Value-based incentive programmes and CAUTI rates

Value-based incentive programmes and CAUTI rates
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Value-based incentive programmes (VBIPs) aim to drive improvements in quality and reduce costs by linking financial incentives or penalties to hospital performance. A new study evaluated the association of two U.S. federal VBIPs – the Hospital Value-Based Purchasing (VBP) Program and the Hospital-Acquired Condition Reduction Program (HACRP) – and catheter-associated urinary tract infections (CAUTIs) in the critical care setting.


Heather E. Hsu, MD, MPH, Department of Pediatrics, Boston University School of Medicine and co-researchers found the two VBIPs were not associated with reductions in device-associated CAUTI rates, the outcome incorporated into the VBIP scoring on which hospitals are graded. 


The researchers also noted that value-based incentive programme implementation was not associated with changes in already declining population-based CAUTI rates or device use, measures that may more directly reflect CAUTI prevention efforts to decrease indwelling urinary catheter use. 


For this study, an interrupted time series design was used to examine the association between VBIPs and three CAUTI-related quality measures: device-associated infection rates (CAUTIs per 1,000 indwelling urinary catheter-days), population-based infection rates (CAUTIs per 1,000 patient-days), and indwelling urinary catheter device use (catheter-days per patient-days). The researchers used National Healthcare Safety Network data from 2013 to 2017 for adults in nonfederal acute care hospitals that were subject to the inpatient prospective payment system and therefore eligible for HACRP and Hospital VBP Program incentives and penalties.


According to the researchers, their study focused on intensive care units (ICUs) because CAUTI surveillance was not mandated for non-ICUs until 2015 and VBIPs did not target non-ICU CAUTIs until fiscal year 2018. Using patient-level case reports, Dr. Hsu's team calculated unit-level CAUTI rates that included only cases associated with urine cultures growing at least 100,000 colony-forming units of bacteria per millilitre, and excluded cases associated with nonbacterial organisms or lower-growth bacteria, per the January 2015 National Healthcare Safety Network surveillance case definition revision. Hospital characteristics were collected from the 2015 American Hospital Association (AHA) annual survey.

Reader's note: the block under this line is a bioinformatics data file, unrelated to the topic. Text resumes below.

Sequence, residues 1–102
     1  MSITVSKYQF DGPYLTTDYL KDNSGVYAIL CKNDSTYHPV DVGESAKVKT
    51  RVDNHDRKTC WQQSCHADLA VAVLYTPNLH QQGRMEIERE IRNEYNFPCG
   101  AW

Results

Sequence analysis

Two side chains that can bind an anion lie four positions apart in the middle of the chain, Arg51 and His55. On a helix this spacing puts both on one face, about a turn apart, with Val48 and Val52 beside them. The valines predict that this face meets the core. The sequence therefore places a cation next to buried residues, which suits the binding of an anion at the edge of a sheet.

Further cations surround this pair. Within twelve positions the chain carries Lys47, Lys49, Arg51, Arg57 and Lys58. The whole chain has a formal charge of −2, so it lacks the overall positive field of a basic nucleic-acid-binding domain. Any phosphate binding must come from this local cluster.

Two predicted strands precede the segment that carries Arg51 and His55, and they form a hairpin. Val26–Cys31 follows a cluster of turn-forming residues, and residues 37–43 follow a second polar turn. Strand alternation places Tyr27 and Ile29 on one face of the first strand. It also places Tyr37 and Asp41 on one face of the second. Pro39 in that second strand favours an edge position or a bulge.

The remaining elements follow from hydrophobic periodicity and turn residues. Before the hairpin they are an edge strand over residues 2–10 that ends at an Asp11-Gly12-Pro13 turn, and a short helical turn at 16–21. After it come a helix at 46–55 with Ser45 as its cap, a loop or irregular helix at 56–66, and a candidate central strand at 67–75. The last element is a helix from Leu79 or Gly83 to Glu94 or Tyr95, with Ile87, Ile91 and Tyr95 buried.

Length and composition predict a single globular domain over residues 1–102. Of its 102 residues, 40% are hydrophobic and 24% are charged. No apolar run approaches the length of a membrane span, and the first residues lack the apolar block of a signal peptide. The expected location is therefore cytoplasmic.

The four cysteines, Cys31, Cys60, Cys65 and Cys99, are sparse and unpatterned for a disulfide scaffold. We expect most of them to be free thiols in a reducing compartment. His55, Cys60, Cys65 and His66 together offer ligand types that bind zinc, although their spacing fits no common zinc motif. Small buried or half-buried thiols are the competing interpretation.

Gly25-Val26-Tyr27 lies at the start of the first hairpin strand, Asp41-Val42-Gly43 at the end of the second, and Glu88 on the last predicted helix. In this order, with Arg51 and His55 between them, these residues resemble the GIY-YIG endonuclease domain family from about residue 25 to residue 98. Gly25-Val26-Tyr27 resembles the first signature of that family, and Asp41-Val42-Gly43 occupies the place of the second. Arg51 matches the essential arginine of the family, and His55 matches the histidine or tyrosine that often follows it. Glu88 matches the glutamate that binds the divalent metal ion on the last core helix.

The research team used generalised estimating equations with robust sandwich variance estimators to fit negative binomial models for infection rates and logistic regression models for device use to assess for changes in level and trend after VBIP implementation, accounting for hospital-level and unit-level clustering.


The study sample included 592 hospitals from 49 states and the District of Columbia, contributing 22,572,494 patient days and 13,607,240 indwelling urinary catheter-days from 1,185 ICUs. Data analyses showed VBIP implementation was not significantly associated with immediate changes or changes in trend for any outcome. 


The study’s negative findings may reflect the priority placed on CAUTI prevention in the decade preceding VBIP implementation. Nonetheless, the findings call into question the effectiveness of VBIPs for catalysing improvements in care quality and underscore the importance of ongoing rigorous policy evaluations, the researchers point out.


Source: JAMA 

Image Credit: iStock

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Published on : Thu, 14 Feb 2019

value-based care, value-based Value-based incentive programmes (VBIPs) aim to drive improvements in quality and reduce costs by linking financial incentives or penalties to hospital pe

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